October 26, 2015 at 2:05 pm #196379
With so many biopics on the slate again this year, what is your favorite of this century? Narrow it down to one and give your reasons why.October 26, 2015 at 2:58 pm #196381
For me….it is LINCOLN….
A great film with a great screenplay told by a great
director with a great lead performance….terrific supporting
work by all of the actors, technically brilliant and a magnificent
What more could I want??October 26, 2015 at 3:06 pm #196382
Plenty options to chose from, but I’ll go with Bright Star by Jane Campion.
It’s not a standard biopic, just a glimpse of time in the life of John Keats. A few strokes sometimes are enough to make a paint. And to me this is the case. Visually gets the grace of his work, narratively gets the thwart in his life. This film can make you feel as one of his poems, a proper accomplishment for this biopic.
October 26, 2015 at 3:27 pm #196383
Mr Turner is my favourite recent biopic, at least in the traditional sense of the word. It has a genuine curiosity and interest in artistic innovation largely missing in most films about artists of any kind. It has to be one of the most visually stunning biopics ever, and its score was not appreciated enough, despite the Oscar nomination – it’s among the best in years, I’d love to play it (I’m a violinist). It really bugged me that Cumberbatch and Redmayne got awards and nominations left right and centre for by-the-numbers Brit-pics while Timothy Spall got skunked (though not by the right groups!) Spall’s performance is so much more inspired, and the same is true of the film as a whole.October 26, 2015 at 8:42 pm #196384
I would have to say Milk. Sean Penn is just incredible as Harvey Milk and it is so well written and has a strong ensemble especially James Franco. With The Dark Knight ignored, Milk definitely deserved to win Best Picture as one of the best bio pics I’ve seen. It was also an important one because there is a real lack of LBGT history especially in 2008. I had no idea who Harvey Milk was before this movie and that is a problem.October 26, 2015 at 8:55 pm #196385
This is a tough one! So following the Golden Globes example of Sephora Ingrid Comedies and Dramas…..
Drama side I’ll go with Milk it told the story and let us realize he was a great man not preach the message to us.
Musical/Comedy side Ray with two amazing performances Foxx and the undervalued and overlooked Regina King really was a great example of of a musical biopic.October 26, 2015 at 10:50 pm #196386
Not a lot of memorable ones honestly so I’d say with some degree of certainty that the best is Lincoln. Finely crafted, no frills, no overt sentimentality or hero worship as one might expect (excepting the final scene). Biopics have a tendency to make caricatures of their subjects but Lincoln here felt like a real guy. A lot of that comes from the performances. DDL is obviously fantatsic but the rest of the cast does marvelously as well. Kushner’s script is excellent too (biopics that center on a specific moment rather than cover a lifespan are always better). Shame he lost due to the Argo wave of support, that should have been an easy Oscar for him. He and Spielberg do a lot to make what could easily be a 2 1/2 hour snooze fest into something really engaging and memorable. In short, a great film.October 27, 2015 at 12:49 am #196387
I would say Capote probably has my vote. Tho I do have a weird soft spot for Walk the Line.October 27, 2015 at 1:33 am #196388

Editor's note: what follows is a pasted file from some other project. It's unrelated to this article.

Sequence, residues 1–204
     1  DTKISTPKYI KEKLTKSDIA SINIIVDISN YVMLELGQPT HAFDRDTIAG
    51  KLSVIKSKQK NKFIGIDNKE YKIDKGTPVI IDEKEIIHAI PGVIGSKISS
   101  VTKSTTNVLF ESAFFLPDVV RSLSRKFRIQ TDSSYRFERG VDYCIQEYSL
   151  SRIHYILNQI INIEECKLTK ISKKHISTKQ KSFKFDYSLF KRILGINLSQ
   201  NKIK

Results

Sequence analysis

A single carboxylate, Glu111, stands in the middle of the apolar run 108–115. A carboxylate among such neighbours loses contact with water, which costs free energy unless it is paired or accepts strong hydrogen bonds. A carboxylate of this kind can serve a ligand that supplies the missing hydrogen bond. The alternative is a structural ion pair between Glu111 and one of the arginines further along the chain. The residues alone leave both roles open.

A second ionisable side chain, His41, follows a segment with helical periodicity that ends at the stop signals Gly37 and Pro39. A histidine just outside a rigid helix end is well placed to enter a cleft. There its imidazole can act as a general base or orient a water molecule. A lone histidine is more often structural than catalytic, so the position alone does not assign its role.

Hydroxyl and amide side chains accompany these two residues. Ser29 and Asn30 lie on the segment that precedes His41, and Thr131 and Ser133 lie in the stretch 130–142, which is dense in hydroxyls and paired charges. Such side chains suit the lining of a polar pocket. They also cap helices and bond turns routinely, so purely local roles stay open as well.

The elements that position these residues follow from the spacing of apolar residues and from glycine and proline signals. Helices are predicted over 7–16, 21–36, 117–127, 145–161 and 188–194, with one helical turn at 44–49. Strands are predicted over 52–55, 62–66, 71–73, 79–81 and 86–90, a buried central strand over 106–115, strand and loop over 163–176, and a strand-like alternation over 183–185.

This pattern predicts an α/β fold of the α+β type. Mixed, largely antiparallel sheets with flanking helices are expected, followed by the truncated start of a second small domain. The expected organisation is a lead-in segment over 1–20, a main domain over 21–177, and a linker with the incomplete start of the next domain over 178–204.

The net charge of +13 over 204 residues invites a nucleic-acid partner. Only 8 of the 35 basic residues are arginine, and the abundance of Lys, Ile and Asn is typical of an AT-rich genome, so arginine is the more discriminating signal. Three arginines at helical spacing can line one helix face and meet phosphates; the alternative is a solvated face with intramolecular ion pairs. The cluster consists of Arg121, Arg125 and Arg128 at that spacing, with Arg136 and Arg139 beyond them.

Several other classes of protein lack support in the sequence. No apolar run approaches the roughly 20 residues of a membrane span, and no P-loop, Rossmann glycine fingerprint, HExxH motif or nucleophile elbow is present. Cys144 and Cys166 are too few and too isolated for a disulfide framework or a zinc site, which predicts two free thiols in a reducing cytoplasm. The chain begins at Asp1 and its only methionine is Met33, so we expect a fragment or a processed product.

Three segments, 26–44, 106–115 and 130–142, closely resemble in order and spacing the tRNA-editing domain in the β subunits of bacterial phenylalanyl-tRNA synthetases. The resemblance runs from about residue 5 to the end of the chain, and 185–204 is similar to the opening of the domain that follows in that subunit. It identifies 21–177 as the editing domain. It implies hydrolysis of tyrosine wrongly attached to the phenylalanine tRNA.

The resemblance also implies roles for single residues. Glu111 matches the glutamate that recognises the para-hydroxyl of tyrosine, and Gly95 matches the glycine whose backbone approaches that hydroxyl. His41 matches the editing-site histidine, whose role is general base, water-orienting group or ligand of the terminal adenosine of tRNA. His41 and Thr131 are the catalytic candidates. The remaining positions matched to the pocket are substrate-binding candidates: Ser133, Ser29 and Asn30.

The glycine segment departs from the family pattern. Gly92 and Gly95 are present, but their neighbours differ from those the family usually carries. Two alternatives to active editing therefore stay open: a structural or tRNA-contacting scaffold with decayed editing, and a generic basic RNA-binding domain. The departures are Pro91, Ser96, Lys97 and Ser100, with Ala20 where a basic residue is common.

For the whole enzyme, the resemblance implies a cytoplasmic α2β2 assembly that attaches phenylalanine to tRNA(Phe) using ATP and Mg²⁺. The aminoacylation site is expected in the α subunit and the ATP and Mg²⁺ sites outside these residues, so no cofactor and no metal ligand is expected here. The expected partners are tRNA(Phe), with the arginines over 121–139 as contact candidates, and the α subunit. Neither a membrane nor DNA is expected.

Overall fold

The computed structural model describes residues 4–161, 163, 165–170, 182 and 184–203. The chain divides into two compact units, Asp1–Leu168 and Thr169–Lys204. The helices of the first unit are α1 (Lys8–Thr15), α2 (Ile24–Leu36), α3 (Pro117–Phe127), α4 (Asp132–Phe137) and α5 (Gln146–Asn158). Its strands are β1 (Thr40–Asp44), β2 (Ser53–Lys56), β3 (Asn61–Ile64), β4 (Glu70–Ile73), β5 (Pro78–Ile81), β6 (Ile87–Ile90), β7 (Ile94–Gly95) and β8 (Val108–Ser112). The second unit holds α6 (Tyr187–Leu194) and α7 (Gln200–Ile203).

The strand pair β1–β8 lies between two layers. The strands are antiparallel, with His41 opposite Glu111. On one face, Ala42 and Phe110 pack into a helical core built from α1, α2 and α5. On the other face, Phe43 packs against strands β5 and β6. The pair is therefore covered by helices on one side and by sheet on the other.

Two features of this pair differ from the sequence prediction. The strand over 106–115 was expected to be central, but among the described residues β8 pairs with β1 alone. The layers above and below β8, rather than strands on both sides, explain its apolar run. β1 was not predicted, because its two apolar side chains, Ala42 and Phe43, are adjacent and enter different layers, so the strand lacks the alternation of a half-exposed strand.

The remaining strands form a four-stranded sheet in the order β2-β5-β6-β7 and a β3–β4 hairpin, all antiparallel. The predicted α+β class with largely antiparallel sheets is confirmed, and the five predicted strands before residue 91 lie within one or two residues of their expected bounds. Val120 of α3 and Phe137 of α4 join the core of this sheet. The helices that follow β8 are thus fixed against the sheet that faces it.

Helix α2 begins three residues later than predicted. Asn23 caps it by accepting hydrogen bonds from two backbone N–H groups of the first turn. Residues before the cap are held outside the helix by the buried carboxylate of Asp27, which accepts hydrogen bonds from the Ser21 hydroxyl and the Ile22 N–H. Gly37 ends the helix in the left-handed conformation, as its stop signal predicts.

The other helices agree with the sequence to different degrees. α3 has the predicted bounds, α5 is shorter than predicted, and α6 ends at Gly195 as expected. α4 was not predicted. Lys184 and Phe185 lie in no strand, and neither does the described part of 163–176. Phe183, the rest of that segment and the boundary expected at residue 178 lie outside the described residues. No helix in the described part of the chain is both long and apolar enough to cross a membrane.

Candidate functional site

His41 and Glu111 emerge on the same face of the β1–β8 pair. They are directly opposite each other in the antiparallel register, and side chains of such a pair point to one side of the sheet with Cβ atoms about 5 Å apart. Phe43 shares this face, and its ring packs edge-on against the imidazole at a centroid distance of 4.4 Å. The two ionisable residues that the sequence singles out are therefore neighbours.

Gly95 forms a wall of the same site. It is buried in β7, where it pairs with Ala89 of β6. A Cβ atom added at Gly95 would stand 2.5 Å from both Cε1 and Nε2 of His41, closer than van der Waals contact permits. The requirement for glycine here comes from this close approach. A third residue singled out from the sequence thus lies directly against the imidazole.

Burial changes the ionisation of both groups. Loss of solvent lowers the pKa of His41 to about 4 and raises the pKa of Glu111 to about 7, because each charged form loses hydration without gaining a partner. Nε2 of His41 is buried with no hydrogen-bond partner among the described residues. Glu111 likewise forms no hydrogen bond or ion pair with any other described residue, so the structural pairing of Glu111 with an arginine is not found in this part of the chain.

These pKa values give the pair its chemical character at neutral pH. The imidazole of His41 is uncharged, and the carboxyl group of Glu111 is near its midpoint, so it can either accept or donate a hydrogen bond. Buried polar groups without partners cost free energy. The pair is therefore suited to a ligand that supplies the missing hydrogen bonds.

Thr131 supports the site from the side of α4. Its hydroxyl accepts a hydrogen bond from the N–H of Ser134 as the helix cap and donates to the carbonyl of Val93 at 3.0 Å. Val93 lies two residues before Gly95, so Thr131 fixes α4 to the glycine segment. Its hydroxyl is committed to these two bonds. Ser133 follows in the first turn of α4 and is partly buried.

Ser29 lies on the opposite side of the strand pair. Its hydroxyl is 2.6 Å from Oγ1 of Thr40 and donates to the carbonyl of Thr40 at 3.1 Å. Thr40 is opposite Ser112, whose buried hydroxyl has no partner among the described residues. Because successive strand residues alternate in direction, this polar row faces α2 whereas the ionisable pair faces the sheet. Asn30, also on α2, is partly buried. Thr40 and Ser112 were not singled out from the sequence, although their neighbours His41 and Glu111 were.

I prefer a bio pic that introduces to me a world unknown. From that story, I want to see an individual whose life has impact beyond an isolated environment. I want there to be healing and wisdom.
From the many wonderful bio pics released in the past 15 years, Best Picture nominee Philomena is my choice. A pregnant and unwed teenager who is sent by her widowed father to live in a convent, Philomena Lee was exploited there as cheap labor and her son was put up for adoption.
The film follows Philomena in her twilight years as she is aided by unemployed journalist Martin Sixsmith in her search for her lost child. Their travails expose the hypocrisy and greed of the Catholic church as well as hold a bright light on the hypocrisy and cruelty of the highest levels of the American government during the early years of the AIDS epidemic.
And all of this is told with compassion, determination, love, and forgiveness. Philomena is a magnificent film.October 27, 2015 at 7:33 am #196389
Lots of terrific ones. How do I choose one? There are so many great ones.
I’ll go with Anne- Marie Duff and The Virgin Queen.
This is the ‘best’ bio I’ve seen about her. And the gorgeous Tom Hardy….the score, is among some of my favorites as well.October 27, 2015 at 8:01 am #196390
127 Hours. It is riveting and Franco kills that performance.October 27, 2015 at 11:18 am #196391
I’ll go with Downfall. It’s hard to find a more chilling film, and the realistic approach to Hitler’s final days is exceptional. Also, Bruno Ganz’s performance is one of the greatest I’ve ever seen.October 27, 2015 at 11:02 pm #196392
The Queen (2006)
Totally absorbed by this movie everytime I see it. It’s not just the masterful performance by Mirren. The dialogues, the pacing, the directing, the music, the sceneries, every element is combined in such a way that the final work gets to be magnetic.October 28, 2015 at 12:43 am #196393
The Queen (2006)
Totally absorbed by this movie everytime I see it. It’s not just the masterful performance by Mirren. The dialogues, the pacing, the directing, the music, the sceneries, every element is combined in such a way that the final work gets to be magnetic.
OH MAN. I totally forgot about The Queen. That might trump Capote for me. I remember not being impressed at all when I first saw it in theatres, but then I saw it a year later on tv and was blown away.
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